Licking Valley Velo is the fasted growing cycling club/team in the region.  Licking Valley Velo may be the fastest-growing club/team in the country!  And there is a reason.  These folks love their bikes and love their beer.  If you want to get into more group rides, if you want to improve your skills and comfort levels in a group ride setting, and if you like beer and time with friends, check out Licking Valley Velo based out of Newport, Kentucky. If you are fast, there is definitely a home for you too!

June 22, 2022 Could Have Been Etched on My Tombstone

June 22, 2022, could have been a very fateful date for me and my family.  I came very close to having that date on the righthand side of my tombstone.  My August Podcast is dedicated to my June 22, 2022 crash.  Visual aids help tremendously when explaining anything moving and on two wheels so I would encourage you to follow the YouTube Link below for the specifics of the crash:

As I alluded to in the Podcast above, I experienced some back pain shortly after the crash.  I do have a history of back pain due to “left-sided paracentral disc protrusion [that] flattens the left L5 [nerve] root.”  As a result, I am no stranger to steroids, Prednisone in particular, to deal with pain flare-ups.  I will not bore the reader with my medical history.  Suffice it to say the low back pain associated with these flare-ups borders on excruciating and obviously keeps me off my bike as I cannot stand up or move until the steroids have run their course.  The steroids basically act like super anti-inflammatories, allowing for movement in the impacted discs/vertebrae.

A curious thing happened while I was on this course of medication.  Serious. Negative. Talk.  Awful stuff.  And when I say awful, it was stuff that you would not even say to your worst enemy kinda awful.  I understand the power of the mind and both the power of positive reinforcement and the power of negative reinforcement.  However, I literally could not muster a positive thought.

We all have an angel on one shoulder and a demon on the other.  This felt like my angel had gone on vacation and my demon found himself a megaphone!  So, having nothing else to do (this course of steroids and forced inactivity was a record-breaking three weeks), I grabbed my iPhone and simply punched in “Prednisone and mental health” and lo and behold, there was article after article on mental health and steroid use.  The Mayo Clinic advised that “the most commonly reported corticosteroid-induced psychiatric disturbances are affective, including mania, depression, or mixed states.”  Um, Bingo!

Fortunately, my symptoms were short-lived and dissipated within a relatively short period of time.  I was unable to find any strong research on what percentage of the population is disposed to such symptoms when using steroids.  All I know is that I fall into that category of patients, which both helps and haunts me should I ever (and it is most likely) need another course of steroids.

Both of my personal episodes in PTSD (detailed in the Podcast) and Mania served an educational purpose in my life.  I have had plenty of clients experience the very real consequences of PTSD following a crash.  I was already aware of how the mind can react to the stresses of a crash.  But I had never experienced it for myself.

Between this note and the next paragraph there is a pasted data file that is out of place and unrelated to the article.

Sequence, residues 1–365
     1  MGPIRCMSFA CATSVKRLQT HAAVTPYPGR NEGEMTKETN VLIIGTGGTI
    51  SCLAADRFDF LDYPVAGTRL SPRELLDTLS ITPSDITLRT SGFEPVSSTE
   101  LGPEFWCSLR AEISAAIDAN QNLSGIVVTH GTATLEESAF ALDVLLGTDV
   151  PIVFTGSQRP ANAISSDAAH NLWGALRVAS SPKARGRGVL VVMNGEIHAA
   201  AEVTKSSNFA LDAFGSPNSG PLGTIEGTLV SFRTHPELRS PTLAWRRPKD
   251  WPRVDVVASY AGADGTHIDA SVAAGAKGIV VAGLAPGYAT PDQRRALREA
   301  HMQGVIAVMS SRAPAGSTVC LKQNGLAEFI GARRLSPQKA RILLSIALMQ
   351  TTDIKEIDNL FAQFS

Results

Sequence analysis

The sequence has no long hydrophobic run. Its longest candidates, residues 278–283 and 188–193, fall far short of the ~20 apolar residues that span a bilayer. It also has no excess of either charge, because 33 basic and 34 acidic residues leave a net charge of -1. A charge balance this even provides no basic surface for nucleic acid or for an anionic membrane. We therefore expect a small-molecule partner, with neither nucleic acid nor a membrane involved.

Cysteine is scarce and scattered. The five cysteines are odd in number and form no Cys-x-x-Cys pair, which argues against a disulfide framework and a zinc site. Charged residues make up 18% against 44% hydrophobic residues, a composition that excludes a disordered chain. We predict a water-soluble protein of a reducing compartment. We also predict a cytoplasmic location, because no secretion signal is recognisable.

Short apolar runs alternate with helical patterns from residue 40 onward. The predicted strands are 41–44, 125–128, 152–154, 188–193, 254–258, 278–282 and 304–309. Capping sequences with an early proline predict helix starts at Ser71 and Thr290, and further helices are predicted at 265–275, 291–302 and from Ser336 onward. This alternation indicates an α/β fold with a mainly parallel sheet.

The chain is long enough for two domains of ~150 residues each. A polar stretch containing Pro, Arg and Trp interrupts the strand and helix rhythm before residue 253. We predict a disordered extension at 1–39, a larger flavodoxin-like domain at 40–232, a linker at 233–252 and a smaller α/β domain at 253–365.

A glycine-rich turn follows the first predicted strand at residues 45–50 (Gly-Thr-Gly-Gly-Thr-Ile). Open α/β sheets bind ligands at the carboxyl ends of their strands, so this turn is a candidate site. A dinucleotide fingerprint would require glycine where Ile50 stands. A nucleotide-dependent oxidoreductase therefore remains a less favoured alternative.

The mania I experienced with steroid use was a bit of an epiphany as I was able to connect the dots to similar symptoms as I looked back on past episodes of steroid use.  But what stands out most to me is that these conditions are very, very real, and often, totally outside of the control of the afflicted person.

With the steroid use, there was solace as I lay in bed knowing that the symptoms would pass.  For many, the symptoms have nothing to do with medication and may never end – a cross that is born for a lifetime.

Endurance athletes are conditioned to “push through the pain” or “tough out” a workout or race.  While these approaches may make for success in achieving athletic goals, they are not effective in addressing mental health conditions that are external to the athlete or the patient.  Simply stated, there are mental conditions that are no fault of the patient and often require the aid of professionals.  I am glad to see the stigma around mental health dissipate over my lifetime.  And I am thankful for the insights on a personal level gained over these last few weeks.

Garrett County Double Diablo 2022 Recap


The Garrett County Double Diablo Grand Fondo on June 18, 2022 was not my idea.

My training partner, Nate, suggested it on a Sunday Ride.  He really dared me to say No.  He tends to bite off Big Projects like TNGA, Michigan’s Coast to Coast Gravel Grinder (which he has also talked me into), Mohican 100 Mountain Bike Race, several Nue Series Mountain Bike Races, and the list goes on.  So, I approached his “dare” with a bit of trepidation considering these past events.

I knew the Double Diablo had some serious elevation.  Nate casually suggested that it was “around” 15,000 feet of elevation gain, but that it was “fun” with “great views.”  Great Views? I thought with no small measure of skepticism.  Yeah, a great view of my front tire for hour after hour.  I kept that to myself.

I needed a project for my 50th Year on the Planet and I figured that a Grand Fondo was as good an excuse as any, so I signed myself up.  Many sleepless nights followed.  For the uninitiated, the double in Double Diablo stands for a double metric century for a total of 125 miles.  The ride organizer also offered a standard century course, a metric century course, and a forty-four-mile course as well.  The Diablo in Double Diablo stands for diabolical amounts of climbing.  The ride organizer recently changed the course.  Apparently, 15,000 feet of elevation gain was not diabolical enough, so they added another 2,300 feet (per my Wahoo Bolt) of elevation to confirm the ride’s diabolical pedigree.  I paced myself based on Nate’s 15,000 feet representation – more on that later.